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How NOT to Build Your HTML Emails

HTML email design and coding can be tricky. Support for web standards in email programs is sketchy at best. Imagine today’s email programs like browsers were in the late 90′s. Yeah, not pretty.

To code for HTML email your best bet is to build as if you are building a site in 90′s: use tables for layout and don’t use any CSS that’s too fancy. CSS shorthand? Fuhgetaboutit.

It’s easy to design an amazing looking email marketing campaign, and completely screw it up because the code is bad. Or maybe the code isn’t bad, but you’re haven’t built your HTML email for the lowest common denominator.

Case in point: Marvel Entertainment’s email. Beautifully designed and always filled with awesome illustrations of their intellectual property.

This is how the email is supposed to look. Email design, logo, characters, ... pretty much everything you see is © and TM Marvel and subs. Shown here only for illustrative purposes.

This is how the email is supposed to look. Email design, logo, characters, … pretty much everything you see is © and TM Marvel and subs. Shown here only for illustrative purposes.

Pretty nice, eh? Colorful, big headline, grabs your attention. Makes me want to click it.

A successful email design, right?

Wrong.

Take a look at it now:

The same email with images not loaded. Blech. Straight to the Trash!

The same email with images not loaded. Blech. Straight to the Trash!

A bit different, huh? This is how the email looks when it loads in many email programs — images do not load by default. So the user is left with these huge blocks of white space, and itty-bitty alternate text for the image.

FAIL. This is exactly how emails should NOT be coded.

All of the text in this email is an image. Big no-no. The ONLY time you should make text into an image is if the style of the text is more important than the words themselves. This is rarely the case, but it does happen. The majority of the time, you should use real text in your HTML emails.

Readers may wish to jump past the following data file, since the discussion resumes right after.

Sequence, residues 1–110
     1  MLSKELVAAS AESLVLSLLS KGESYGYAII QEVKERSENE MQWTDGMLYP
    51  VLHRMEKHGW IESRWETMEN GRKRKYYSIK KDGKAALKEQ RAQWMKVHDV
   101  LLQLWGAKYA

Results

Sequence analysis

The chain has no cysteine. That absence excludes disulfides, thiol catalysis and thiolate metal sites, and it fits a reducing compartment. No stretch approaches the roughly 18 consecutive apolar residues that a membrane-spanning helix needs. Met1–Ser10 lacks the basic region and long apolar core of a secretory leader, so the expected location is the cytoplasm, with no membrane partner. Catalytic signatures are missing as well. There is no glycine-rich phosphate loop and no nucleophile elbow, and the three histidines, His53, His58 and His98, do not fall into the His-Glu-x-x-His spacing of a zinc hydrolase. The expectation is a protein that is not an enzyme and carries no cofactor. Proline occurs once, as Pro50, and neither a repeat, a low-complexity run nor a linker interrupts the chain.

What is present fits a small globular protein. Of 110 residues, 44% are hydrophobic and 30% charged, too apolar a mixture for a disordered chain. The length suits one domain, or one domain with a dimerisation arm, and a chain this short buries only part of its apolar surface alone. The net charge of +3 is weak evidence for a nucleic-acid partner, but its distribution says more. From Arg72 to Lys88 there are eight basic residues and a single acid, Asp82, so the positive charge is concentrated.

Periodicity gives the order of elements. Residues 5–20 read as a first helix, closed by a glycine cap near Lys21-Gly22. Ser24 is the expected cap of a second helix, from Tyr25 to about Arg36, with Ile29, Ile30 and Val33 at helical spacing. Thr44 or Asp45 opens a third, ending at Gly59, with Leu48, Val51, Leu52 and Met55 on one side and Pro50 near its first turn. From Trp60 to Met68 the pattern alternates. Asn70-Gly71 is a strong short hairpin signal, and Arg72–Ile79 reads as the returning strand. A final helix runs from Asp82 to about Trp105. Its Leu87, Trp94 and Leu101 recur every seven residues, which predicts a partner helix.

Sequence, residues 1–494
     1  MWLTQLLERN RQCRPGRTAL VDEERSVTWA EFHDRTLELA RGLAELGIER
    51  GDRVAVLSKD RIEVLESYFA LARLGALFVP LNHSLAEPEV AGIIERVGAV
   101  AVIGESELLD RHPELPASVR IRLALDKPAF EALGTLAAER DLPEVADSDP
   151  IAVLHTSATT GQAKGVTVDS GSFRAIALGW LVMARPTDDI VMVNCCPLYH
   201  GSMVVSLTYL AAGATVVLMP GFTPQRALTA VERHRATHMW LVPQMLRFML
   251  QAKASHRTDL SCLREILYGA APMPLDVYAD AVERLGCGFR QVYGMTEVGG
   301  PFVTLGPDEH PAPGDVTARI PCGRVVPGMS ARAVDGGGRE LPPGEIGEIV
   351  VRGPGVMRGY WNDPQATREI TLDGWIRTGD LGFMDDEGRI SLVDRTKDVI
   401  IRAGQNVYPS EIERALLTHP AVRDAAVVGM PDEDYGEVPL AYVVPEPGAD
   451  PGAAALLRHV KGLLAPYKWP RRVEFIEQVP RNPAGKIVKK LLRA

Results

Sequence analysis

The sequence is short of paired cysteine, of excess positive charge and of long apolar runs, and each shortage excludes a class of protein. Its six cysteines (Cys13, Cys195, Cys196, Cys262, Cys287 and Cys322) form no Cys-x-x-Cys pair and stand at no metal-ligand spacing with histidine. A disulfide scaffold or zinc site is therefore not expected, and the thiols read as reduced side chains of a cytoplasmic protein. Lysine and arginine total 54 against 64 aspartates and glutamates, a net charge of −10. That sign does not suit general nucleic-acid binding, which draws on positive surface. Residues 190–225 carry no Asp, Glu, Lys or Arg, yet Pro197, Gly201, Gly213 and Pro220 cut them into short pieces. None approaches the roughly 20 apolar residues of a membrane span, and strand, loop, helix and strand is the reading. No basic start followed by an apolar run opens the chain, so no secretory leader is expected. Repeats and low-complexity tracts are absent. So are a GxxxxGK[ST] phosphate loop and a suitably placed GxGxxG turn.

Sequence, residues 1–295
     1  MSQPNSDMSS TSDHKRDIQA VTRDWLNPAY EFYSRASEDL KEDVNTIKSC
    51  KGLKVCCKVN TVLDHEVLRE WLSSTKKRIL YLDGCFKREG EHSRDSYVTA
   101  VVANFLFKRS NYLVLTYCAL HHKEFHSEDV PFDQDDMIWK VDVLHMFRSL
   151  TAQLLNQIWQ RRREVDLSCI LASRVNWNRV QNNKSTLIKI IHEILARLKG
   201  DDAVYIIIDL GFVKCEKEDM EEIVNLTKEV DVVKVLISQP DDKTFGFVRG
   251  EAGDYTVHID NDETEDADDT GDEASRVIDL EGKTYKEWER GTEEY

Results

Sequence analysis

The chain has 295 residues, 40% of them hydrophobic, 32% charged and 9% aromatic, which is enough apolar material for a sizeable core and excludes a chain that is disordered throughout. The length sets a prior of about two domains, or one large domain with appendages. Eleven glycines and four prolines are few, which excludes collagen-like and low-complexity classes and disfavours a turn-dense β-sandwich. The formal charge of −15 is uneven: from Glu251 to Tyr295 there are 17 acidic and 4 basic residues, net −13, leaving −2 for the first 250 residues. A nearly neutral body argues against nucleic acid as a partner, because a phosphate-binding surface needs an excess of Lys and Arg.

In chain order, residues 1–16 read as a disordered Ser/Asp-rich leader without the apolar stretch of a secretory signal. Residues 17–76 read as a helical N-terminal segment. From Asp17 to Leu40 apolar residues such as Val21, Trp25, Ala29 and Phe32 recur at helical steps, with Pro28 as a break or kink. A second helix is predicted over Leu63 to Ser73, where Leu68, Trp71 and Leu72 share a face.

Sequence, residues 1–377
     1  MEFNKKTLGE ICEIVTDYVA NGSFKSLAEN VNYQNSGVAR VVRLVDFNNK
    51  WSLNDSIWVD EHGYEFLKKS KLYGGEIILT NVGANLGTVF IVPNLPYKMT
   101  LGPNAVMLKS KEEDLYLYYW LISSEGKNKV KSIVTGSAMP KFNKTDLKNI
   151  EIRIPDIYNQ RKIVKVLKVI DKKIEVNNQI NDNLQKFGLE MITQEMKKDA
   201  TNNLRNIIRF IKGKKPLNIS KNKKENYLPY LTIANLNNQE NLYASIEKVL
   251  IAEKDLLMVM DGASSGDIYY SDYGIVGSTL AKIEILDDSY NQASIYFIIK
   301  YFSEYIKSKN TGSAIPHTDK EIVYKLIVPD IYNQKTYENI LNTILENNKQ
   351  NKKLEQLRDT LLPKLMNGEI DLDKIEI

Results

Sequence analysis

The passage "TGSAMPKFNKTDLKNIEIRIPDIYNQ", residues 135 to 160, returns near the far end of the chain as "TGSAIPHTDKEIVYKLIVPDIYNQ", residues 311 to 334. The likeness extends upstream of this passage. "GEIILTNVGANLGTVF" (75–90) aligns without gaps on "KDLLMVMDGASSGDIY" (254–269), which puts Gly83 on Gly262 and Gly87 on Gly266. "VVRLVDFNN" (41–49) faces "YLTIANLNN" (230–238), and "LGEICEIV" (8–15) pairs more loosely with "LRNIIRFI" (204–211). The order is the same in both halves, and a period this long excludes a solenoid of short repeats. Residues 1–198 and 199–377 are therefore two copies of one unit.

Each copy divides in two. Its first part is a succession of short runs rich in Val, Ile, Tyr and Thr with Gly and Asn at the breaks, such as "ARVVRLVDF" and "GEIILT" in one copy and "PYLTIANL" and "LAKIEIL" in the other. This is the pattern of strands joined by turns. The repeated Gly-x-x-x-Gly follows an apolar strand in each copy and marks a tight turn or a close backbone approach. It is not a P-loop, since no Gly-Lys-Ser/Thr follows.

The text and the graphics are also lumped together into these giant images that don’t give any indication of what they are when the images do not load. Again, a huge mistake. This email design should have been split up into smaller sections. The text and buttons should have been split up from the images for maximum impact when the email is received and images are not loaded.

Let’s take a look at how Marvel could vastly improve their email campaigns by correctly building their email newsletters. If this email were built correctly, this is how it would look with images off:

This is how Marvel's email would look if it were built correctly.

This is how Marvel’s email would look if it were built correctly.

See how almost all of the text in the email is readable either as actual text or as alt text of the image? The 2 paragraphs of black text are coded as actual text—not images (remember, that’s a big No-No!). The bulleted list in between those 2 paragraphs has the full text coded as alt text (something that should always be done). Note that the Buy button alt text is nice and big, even with images off. This is done with CSS (granted this won’t work in all email programs, but it will in some!). Even the copyright info at the bottom is readable here. This is how Marvel should be building/coding their HTML emails. (and if Marvel would like some assistance in getting their emails up to par, we would love to help! Please contact us!)

Of course, Cygnet Midwest offers full email marketing services. We can design and code your email campaign plus manage your list and send your emails for you! We also offer full CAN-SPAM act compliance so your emails will not land you in hot water. Contact us today to find out how Cygnet Midwest can help with your email marketing campaigns!

Please note: Again, the email design and content shown above, plus all of Marvel’s characters, art, graphics, etc is all © and TM Marvel Entertainment and its subs. This post is for educational purposes. Cygnet Midwest claims no ownership of anything that is Marvels.